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Rated: E · Book · Mystery · #1349977
Global Corporation tries to rebuild an ancient viking city with haunting consequences
#550252 added November 19, 2007 at 7:59pm
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Chapter II -Becoming Part of the Plan-
         Douglas woke up early and was walking around his kitchen in nothing more than his boxer shorts and tan leather slippers. Not an attractive sight, no, but seeing as there was no one to criticize, he went about his business of making a toasted peanut butter and jelly sandwich and brewing a full pot of coffee which he usually had finished by noon.
         Walking out to his living room, he went over to his computer and, setting down his beverage and sandwich, he turned it on. Taking his seat, he picked up his tobacco pouch from where he had left it the night before and began rolling a cigarette.
         Typing in his password at the prompt, he began looking over the days e-mail deliveries. He was about to open up that days copy of the daily news when something further down the list caught his eye. It was simply titled, Tell-Devonshire. Odd. Since his last meeting with William Kierken and his cohorts, he, Richard and Winton had all been out of sorts with only the loose promises and a vague contract with the Tell Corporation to keep them on an even keel.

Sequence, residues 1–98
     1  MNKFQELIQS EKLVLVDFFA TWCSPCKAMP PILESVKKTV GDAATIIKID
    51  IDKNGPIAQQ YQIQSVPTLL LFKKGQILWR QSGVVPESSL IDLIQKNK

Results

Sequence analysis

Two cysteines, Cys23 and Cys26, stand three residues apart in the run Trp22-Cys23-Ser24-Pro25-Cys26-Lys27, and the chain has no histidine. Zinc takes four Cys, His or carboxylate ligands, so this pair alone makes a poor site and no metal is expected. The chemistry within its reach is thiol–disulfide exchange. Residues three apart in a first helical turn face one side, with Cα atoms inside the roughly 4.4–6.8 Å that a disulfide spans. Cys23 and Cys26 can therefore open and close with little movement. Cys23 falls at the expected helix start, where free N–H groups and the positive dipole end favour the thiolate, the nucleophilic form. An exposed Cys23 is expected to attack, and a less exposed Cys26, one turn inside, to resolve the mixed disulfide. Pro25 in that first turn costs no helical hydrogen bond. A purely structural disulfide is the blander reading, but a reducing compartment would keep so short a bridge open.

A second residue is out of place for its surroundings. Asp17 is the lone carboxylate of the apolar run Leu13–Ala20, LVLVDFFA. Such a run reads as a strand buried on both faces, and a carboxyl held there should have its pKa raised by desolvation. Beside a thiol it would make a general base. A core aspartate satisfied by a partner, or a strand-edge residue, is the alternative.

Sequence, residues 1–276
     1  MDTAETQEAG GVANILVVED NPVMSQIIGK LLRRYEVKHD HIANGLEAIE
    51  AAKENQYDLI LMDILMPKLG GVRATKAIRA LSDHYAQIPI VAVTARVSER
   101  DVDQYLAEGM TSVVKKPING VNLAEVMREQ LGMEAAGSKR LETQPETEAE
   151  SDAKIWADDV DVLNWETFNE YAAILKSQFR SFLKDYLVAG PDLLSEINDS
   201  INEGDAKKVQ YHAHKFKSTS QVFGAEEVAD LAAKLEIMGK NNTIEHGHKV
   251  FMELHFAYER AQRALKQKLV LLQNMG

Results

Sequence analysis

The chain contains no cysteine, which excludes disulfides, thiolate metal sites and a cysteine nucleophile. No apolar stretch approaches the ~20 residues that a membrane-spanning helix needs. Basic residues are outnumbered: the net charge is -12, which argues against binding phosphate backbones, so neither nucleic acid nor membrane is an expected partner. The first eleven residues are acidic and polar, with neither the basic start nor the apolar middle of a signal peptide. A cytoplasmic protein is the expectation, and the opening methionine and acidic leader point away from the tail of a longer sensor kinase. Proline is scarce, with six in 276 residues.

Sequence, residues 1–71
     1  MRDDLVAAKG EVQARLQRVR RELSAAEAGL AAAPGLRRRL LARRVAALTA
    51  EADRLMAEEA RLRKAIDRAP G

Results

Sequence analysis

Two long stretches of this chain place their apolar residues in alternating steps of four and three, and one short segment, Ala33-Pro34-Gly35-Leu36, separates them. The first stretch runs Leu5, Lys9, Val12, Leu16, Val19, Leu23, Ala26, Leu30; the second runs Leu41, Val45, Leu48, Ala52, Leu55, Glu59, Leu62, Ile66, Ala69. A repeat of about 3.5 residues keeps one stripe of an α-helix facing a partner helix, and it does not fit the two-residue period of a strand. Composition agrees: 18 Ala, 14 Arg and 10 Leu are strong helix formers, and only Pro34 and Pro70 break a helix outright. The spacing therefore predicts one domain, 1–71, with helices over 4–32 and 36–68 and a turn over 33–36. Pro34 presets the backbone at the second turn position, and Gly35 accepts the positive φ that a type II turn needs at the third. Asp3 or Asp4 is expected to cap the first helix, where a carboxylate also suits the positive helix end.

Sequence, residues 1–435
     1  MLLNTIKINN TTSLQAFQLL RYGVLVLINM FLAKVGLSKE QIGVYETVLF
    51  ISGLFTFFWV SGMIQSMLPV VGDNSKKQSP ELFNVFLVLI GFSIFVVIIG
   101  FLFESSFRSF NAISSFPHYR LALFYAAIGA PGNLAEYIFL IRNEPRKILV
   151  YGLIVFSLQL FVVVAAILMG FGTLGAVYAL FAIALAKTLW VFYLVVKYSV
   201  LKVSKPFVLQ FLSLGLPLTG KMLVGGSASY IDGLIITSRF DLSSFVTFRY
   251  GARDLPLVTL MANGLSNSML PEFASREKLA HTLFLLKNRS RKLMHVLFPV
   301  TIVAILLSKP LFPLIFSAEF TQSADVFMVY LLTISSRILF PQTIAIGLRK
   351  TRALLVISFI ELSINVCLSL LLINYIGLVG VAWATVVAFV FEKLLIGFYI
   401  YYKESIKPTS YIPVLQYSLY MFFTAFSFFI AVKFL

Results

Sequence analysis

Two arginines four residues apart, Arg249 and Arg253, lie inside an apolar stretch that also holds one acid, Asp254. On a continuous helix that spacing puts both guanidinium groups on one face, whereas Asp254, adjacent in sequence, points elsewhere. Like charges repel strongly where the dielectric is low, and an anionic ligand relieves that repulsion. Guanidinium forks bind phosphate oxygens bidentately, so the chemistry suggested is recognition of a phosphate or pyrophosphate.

He did have to admit, it did seem like the Tell Corporation would remain true to their word. The floor of the Church of Statesmorrow University had been removed but the rest of the church had remained untouched. Even the ceiling, which had been removed in sections to facilitate the removal of the large marble slabs, had been replaced in a meticulous fashion and they had hired only the best engineers and architects to do the work. He had even taken note during one of his nosy but harmless visits to the church that the engineers were using the original eighteenth century blueprints.
         But on the other hand, it had been four months and no other word had come through. The three men were beginning to settle into the notion of not knowing what was going on and Douglas was contemplating taking steps to find a new teaching position.
         Devonshire? Douglas recognized this name. Of the original quintet of men which had come to examine the church floor, William Devonshire was the one who was confined to a wheelchair... and if Douglas' memory served him correctly, he was the one who, through his slip of the tongue at Richard's original meeting, had cued their trio into the true intent of the Tell Corporation. Douglas moved the cursor to the title Tell-Devonshire and clicked to open it.
         “An engineer, eh?” William Devonshire asked him in a rather thick English accent. “That surprises me, I do not see too many railroad tracks around.” He followed this with a chuckle, which, although did not match the perfect cobalt blue of his suit, did match his personality. Douglas smiled at this as well knowing that William knew full well of his Masters in civil engineering.
         Although he had been leery of William upon meeting him at the Statesmorrow Church, he had quite grown on Douglas, even though this was only their third meeting and their first on a somewhat social basis. In the beginning, he had not known how to act toward William, mainly due to his being confined to a wheelchair, but William’s humor about the matter had eased his nerves. “I’m a pretty nice fellow if you meet me on a hard wood floor, but don’t invite me on any nature hikes.” From there, things had gone along rather smoothly, no pun intended.